US announces first American departures since Afghan pullout
Four Americans left Afghanistan by land on Monday with Taliban knowledge in the first departures arranged by the US government since its military pullout, a US official said.
The four US citizens left by land and were greeted by American diplomats, said a senior official, without specifying to which country they crossed.
"The Taliban did not impede them" and were aware of the effort, the official told reporters accompanying Secretary of State Antony Blinken flying to Qatar.
US officials say other Americans may have left since the United States ended its 20-year war at the end of August, but they would have done so by private means.
Washington says it is closely watching whether the Taliban makes good on promises to let US citizens and allies depart as it decides how to deal with the Islamists, who seized the capital Kabul on August 15 as the US-backed government crumbled.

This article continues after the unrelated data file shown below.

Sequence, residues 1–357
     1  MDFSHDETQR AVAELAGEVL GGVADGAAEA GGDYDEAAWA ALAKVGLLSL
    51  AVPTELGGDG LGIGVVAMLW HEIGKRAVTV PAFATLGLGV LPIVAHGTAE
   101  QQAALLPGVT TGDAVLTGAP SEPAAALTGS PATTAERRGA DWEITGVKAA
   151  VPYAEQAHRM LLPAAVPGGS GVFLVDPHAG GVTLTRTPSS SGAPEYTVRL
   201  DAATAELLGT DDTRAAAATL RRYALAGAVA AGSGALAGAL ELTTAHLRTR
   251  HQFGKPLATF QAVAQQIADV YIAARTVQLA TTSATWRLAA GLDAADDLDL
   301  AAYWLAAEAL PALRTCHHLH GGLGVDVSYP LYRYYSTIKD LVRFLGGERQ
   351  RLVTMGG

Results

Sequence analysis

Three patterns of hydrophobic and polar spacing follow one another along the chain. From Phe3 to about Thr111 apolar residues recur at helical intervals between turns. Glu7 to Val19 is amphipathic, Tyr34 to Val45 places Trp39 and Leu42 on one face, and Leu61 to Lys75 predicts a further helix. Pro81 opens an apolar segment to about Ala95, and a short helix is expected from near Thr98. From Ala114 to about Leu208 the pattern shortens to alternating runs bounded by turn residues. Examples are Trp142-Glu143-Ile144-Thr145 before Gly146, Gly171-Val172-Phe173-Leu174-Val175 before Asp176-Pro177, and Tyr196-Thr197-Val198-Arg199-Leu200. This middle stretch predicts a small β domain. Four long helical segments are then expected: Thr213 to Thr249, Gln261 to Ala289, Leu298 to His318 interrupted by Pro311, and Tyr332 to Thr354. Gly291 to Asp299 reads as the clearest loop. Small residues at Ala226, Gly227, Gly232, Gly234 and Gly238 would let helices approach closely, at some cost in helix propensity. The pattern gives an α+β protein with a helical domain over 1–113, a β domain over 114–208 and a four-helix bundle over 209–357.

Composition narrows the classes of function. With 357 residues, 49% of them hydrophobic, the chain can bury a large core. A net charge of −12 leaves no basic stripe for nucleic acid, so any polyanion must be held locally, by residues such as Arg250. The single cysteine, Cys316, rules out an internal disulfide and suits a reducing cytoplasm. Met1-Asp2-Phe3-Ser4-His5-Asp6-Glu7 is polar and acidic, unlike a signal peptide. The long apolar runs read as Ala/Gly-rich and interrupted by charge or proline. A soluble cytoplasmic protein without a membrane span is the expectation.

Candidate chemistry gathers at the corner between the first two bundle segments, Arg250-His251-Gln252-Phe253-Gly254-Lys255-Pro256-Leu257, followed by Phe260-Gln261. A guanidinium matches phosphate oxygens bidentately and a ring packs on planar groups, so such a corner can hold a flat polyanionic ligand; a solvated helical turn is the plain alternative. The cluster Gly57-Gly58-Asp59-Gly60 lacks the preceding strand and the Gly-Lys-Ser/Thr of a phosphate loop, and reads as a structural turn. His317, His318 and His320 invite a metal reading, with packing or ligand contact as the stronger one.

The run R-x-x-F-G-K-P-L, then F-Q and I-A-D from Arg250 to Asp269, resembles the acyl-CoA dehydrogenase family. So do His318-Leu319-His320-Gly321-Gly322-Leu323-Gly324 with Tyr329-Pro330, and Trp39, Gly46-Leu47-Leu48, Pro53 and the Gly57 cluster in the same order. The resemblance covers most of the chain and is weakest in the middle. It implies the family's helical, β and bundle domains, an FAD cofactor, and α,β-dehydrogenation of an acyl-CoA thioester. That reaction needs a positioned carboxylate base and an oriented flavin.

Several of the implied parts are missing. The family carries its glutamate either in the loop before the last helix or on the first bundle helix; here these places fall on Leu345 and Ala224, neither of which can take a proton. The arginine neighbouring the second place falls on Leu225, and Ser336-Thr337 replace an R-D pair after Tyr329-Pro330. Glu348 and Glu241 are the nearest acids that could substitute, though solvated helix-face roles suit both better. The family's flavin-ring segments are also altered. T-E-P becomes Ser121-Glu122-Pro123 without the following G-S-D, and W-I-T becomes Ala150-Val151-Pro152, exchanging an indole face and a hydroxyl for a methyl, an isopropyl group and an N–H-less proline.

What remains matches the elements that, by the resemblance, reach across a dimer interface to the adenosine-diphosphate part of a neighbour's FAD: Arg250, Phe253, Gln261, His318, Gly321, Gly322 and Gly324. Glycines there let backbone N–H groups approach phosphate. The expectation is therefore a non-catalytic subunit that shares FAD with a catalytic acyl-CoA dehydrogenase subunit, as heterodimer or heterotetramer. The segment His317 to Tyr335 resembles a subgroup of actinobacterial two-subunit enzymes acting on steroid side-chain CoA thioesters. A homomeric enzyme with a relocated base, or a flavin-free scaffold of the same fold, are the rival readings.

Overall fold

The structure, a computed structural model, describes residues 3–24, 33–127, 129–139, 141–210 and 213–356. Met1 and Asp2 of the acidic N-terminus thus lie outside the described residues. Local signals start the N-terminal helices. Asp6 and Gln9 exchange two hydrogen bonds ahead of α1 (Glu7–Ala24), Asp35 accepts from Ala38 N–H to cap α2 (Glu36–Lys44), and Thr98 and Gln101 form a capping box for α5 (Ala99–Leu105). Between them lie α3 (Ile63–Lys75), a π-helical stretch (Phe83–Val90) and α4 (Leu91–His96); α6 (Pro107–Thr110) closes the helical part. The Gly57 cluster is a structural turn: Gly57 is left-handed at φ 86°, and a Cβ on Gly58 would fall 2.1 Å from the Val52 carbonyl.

US officials say just over 100 Americans, mostly dual nationals, remain in Afghanistan after the massive airlift of tens of thousands of people in the last days of America's longest war.
President Joe Biden's Republican rivals have been quick to accuse him of abandoning Americans.
Tens of thousands of interpreters or others who supported the US mission and their family members are believed to remain, with many fearing retribution despite Taliban assurances.
With Kabul airport in disarray, land routes are the key way out of Afghanistan, primarily though Pakistan or Iran, which does not have diplomatic relations with Washington.